How Apple’s iOS 14.5 Update Shakes the App Economy


IPhone users around the world started receiving a series of unknown messages on Monday after downloading Apple’s latest software update: Do they want to be tracked?

Ten months after Apple’s promise “Improved privacy features” for iPhones, the changes have finally arrived with iOS 14.5, despite Loud protests from Apple rivals and antitrust complaints in France and Germany.

The first time users open each app after updating, they’ll be faced with a simple question: “Allow (app name) to track your activity on other companies’ apps and websites?”

There will be two possible responses: “Ask the application not to track” or “Allow”. App developers will have some room to argue the case for the follow-up, but when faced with such a blunt choice, most users should say no.

What tracking notifications will look like in iOS 14.5 © Apple

What exactly is tracked?

Until now, apps could collect and share with third parties such as data brokers all kinds of personal information about you, including your location, other apps you use, when you logged into the app, an encrypted version of your email address, phone number, and a unique number that identifies your iPhone, called IDFA (Identifier for Advertisers).

According to Fun Corp, an application developer, “hundreds of billions of user actions and events” are tracked every day. Washington Post writer found 5,400 trackers took data from his phone in just one week. Many apps send data to multiple partners, including Facebook and Google.

When iPhone users browse apps and surf the web, they leave crumbs of data every time, including a copy of their IDFA, allowing the online advertising industry to profile their behavior. , which advertisers use to serve them with advertisements deemed relevant. .

What happens when I refuse to be followed?

Apple wants all apps to obtain explicit consent for this behavior. If users opt out the very first time they receive the notification, an app won’t be able to access their IDFA forever. And Apple expects apps to not share other data, including phone numbers or emails.

Will I stop receiving advertisements?

No, you will get the same number of ads but they will not be personalized. The advertising industry believes that the wording of the original notification did not adequately explain the value of follow-up.

Users will still receive ads, but by cutting the flow of data, they will be less relevant and apps will be able to charge the advertiser less.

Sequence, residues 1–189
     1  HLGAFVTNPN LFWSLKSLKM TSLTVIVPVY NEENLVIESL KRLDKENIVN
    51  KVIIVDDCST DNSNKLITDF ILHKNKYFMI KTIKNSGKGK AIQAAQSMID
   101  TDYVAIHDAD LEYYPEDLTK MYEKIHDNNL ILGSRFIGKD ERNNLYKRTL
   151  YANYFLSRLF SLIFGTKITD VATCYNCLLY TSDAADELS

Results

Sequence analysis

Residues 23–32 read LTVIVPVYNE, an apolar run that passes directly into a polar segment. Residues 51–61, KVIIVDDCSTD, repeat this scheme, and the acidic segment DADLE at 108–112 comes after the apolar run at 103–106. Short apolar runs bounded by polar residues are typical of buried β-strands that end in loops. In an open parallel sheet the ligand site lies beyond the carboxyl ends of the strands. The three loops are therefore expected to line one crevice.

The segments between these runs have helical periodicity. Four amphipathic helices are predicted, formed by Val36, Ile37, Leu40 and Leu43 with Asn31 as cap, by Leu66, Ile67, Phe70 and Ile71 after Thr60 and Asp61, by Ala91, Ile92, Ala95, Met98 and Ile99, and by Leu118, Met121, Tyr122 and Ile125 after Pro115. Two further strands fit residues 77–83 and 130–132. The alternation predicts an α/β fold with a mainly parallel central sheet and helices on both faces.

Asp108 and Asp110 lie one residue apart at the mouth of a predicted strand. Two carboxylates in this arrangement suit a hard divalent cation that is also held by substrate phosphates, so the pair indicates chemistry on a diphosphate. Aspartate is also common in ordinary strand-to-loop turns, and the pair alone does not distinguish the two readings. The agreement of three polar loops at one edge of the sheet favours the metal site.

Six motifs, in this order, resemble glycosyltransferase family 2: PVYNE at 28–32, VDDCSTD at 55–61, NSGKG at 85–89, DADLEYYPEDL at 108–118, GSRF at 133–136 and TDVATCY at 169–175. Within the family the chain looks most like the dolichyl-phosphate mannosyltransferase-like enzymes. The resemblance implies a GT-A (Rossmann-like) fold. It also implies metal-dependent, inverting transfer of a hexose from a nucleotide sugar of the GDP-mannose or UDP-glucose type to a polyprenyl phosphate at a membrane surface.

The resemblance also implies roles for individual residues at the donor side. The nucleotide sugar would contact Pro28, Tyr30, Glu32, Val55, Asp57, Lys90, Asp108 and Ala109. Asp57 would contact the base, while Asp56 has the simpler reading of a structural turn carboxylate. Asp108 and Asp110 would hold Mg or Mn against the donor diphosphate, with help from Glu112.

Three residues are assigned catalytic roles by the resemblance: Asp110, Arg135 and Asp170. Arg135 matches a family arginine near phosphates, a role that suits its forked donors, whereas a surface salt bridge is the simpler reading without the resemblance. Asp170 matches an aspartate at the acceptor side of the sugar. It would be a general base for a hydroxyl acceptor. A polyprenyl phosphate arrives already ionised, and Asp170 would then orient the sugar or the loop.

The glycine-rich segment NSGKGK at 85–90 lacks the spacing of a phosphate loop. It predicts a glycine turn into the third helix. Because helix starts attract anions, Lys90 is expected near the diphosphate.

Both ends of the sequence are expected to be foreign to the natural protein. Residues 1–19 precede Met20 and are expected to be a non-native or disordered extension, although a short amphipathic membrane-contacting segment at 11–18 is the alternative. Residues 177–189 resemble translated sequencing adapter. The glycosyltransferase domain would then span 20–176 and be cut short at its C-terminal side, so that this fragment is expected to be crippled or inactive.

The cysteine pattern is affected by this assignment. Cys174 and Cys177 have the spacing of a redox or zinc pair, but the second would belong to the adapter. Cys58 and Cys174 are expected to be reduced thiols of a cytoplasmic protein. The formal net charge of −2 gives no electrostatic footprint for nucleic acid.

In short, the advertising-based business model that a lot of free apps have relied on is taking a heavy hit.

How apps should display the information they collect

How apps should display information about the data they collect © Apple

So what do businesses think?

Digital Advertising Industry Worth Over $ 350 Billion Per Year And Many App Developers are furious.

Facebook, in particular, has built an $ 80 billion a year business by profiling its users and selling them personalized ads. The company has run full-page print ads in several newspapers, including the Financial Times, saying the changes will hurt small businesses that won’t be able to reach their customers as easily.

He also claimed that Apple was using its “dominant position in the market to itself prefer its own data collection while making it nearly impossible for its competitors to use the same data.”

“They claim it’s a matter of confidentiality, but it’s a matter of profit”, Facebook said. “We are not fools.”

Other companies including Snap, Twitter and TikTok will also be affected, and many companies reliant on mobile advertising have experimented with workarounds. in the USA and in China.

More recently, Mark Zuckerberg hinted that the change could benefit Facebook, however, if it encouraged companies to shift their advertising budgets to direct commerce. Facebook recently invested in tools to enable more online shopping on its platforms.

The big exception

A business won’t ask users if they want to be tracked. Google decided that it would simply stop using IDFA.

While it is damaging for Google to lose access to data from other apps, it already has a huge amount of data from its own suite of apps to rely on.

When an iPhone owner uses Google, Maps, Chrome, Gmail, or YouTube search, Google can still use this data to create ad profiles, unhindered by Apple’s policy change.

What’s in this for Apple?

Apple has long made privacy a key selling point of the iPhone, in order to strengthen its premium position in the market.

But there are other benefits to be gained from changes as well.

Without being able to sell the data they collect to third parties, applications will have to turn to billing their revenues to consumers. And Apple takes a 15-30% commission on all app purchases and subscriptions through the App Store.

Meanwhile, Apple also plans to extend its own “Privacy-centric” advertising company.

I have an android phone. Does it affect me?

For the moment no. But the Google operating system will likely follow in one form or another. Google is in the process of creating “privacy-focused” ads for the desktop. A similar change for mobile apps seems likely.



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